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Categorizing malignant small round cell tumors in aspiration cytology: An institutional experience

 Department of Pathology, Institute of Medical Sciences and SUM Hospital, Bhubaneswar, Odisha, India

Correspondence Address:
Priyadarshini Dehuri,
Department of Pathology, Institute of Medical Sciences and SUM Hospital, Bhubaneswar, Odisha
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Source of Support: None, Conflict of Interest: None

DOI: 10.4103/jmau.jmau_66_21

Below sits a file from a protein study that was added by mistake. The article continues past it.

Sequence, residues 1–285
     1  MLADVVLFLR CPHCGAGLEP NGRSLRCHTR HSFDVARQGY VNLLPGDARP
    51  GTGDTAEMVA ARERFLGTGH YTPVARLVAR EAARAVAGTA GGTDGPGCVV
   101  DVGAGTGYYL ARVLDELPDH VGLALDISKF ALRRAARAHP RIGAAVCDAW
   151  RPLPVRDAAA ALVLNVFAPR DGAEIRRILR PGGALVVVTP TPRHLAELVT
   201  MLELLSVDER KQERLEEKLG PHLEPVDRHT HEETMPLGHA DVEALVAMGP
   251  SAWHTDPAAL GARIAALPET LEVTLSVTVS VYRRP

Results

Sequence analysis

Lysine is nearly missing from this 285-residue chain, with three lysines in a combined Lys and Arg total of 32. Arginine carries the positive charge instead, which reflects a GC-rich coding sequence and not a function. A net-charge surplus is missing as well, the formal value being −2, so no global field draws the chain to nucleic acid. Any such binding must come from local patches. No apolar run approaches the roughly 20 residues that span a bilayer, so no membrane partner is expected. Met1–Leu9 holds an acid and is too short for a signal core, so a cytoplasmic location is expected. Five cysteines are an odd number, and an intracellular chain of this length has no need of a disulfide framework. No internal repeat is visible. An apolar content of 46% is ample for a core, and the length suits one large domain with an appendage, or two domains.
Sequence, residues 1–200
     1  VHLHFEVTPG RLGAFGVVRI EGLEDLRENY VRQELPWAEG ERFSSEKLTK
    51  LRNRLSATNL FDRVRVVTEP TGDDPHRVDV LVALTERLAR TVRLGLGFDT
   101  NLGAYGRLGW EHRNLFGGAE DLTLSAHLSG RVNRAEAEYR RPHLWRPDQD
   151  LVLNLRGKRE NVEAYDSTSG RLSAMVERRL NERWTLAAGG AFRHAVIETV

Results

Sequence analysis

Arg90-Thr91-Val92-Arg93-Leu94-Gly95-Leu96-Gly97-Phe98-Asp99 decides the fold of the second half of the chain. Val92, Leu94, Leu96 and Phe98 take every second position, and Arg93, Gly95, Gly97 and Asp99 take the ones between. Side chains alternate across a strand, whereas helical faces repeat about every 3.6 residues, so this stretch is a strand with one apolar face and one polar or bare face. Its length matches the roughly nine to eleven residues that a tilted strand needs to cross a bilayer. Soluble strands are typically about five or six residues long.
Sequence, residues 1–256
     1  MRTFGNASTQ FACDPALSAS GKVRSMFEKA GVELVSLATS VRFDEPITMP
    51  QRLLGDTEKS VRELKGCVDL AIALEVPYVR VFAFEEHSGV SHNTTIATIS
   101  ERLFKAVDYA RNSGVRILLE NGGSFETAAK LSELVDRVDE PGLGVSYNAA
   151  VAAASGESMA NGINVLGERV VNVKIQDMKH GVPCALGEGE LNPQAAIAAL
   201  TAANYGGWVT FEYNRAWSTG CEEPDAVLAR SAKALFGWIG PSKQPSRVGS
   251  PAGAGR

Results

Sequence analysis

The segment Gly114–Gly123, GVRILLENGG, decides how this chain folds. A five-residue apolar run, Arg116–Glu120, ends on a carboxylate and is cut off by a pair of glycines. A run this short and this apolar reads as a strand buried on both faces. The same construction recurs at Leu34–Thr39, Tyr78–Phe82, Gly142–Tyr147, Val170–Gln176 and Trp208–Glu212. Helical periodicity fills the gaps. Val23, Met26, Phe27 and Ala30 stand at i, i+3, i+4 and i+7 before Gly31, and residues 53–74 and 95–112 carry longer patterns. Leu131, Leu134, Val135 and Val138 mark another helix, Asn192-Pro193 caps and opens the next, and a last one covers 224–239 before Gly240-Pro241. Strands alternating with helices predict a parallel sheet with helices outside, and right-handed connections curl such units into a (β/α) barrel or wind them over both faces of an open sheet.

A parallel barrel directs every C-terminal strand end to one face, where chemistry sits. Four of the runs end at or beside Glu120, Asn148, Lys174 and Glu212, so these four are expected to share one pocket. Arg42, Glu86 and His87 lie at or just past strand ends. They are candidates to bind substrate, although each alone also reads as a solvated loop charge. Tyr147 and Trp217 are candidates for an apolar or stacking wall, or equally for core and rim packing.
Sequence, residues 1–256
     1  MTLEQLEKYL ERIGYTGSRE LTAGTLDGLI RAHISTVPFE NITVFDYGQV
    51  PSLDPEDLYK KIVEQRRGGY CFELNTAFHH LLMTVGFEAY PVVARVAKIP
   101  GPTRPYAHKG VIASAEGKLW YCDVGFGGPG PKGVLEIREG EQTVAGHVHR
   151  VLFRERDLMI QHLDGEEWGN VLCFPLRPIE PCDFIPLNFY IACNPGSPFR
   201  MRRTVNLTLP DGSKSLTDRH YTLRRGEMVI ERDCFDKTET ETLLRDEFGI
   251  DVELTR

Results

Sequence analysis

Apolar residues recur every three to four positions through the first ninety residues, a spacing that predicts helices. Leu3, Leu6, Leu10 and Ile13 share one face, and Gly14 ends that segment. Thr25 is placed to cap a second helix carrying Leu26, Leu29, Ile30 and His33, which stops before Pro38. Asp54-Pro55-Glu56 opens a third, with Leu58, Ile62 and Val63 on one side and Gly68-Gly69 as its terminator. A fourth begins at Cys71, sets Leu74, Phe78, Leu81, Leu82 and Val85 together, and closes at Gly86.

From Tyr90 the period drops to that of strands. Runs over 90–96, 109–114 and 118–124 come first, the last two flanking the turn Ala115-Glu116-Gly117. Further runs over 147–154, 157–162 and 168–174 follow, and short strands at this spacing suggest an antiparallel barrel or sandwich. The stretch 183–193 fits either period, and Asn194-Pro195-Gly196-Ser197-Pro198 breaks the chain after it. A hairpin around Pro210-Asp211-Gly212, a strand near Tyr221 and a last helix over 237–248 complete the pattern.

Aim and Objectives: The study aims to categorize malignant small round cell tumors (MSRCTs) originating in various sites of the body with the objective of utilization of cytomorphological features and ancillary techniques. Study Design: It is a cross-sectional study conducted over a time span of 3 years (2017–2020). 33 cases of tumors with round cell morphology were evaluated by fine needle aspiration cytology (FNAC). Materials and Methods: The application of cell block preparation supported by immunohistochemistry aided in the categorization of 23 cases with definite diagnosis and the rest were reported as MSRCTs. Results: Among the categorized 23/33 cases, the most common diagnosis was Ewing's sarcoma (7/23) followed by 6 cases of lymphoma. There were 2 cases each of rhabdomyosarcoma and Langerhans cell histiocytosis (LCH) and 1 case each of neuroblastoma, desmoplastic small round cell tumor (DSRCT), myeloid sarcoma, neuroendocrine tumor of pancreas, plasmacytoma, and small cell carcinoma. Histopathology confirmation was available in 24/33 cases. Among the categorized tumors (23/33), biopsy correlation was available in 19 cases, of which concordant result was seen in 17 cases (89.47%), which were 6 cases of lymphoma, 5 cases of Ewing's sarcoma (EWS), 2 of rhabdomyosarcoma, and 1 each of neuroblastoma, small cell carcinoma, DSRCT, and LCH. Discordant result was seen in one case of rhabdomyosarcoma and a case of synovial sarcoma reported as extraskeletal EWS in cytology. Out of the uncategorized cases reported as MSRTCs, histopathology was available in 5 cases which were diagnosed as rhabdomyosarcoma (1 cases), lymphoma (1 case), amelanotic melanoma (1 case), and extraskeletal EWS (2 cases). Conclusion: Categorization of MSRCTs should be done to implement appropriate therapeutic protocol. FNAC provides a rapid diagnosis contributing immensely for the timely management of the patient. Detailed cytomorphological evaluation serves as a guide for further evaluation by ancillary techniques leading to definitive diagnosis.

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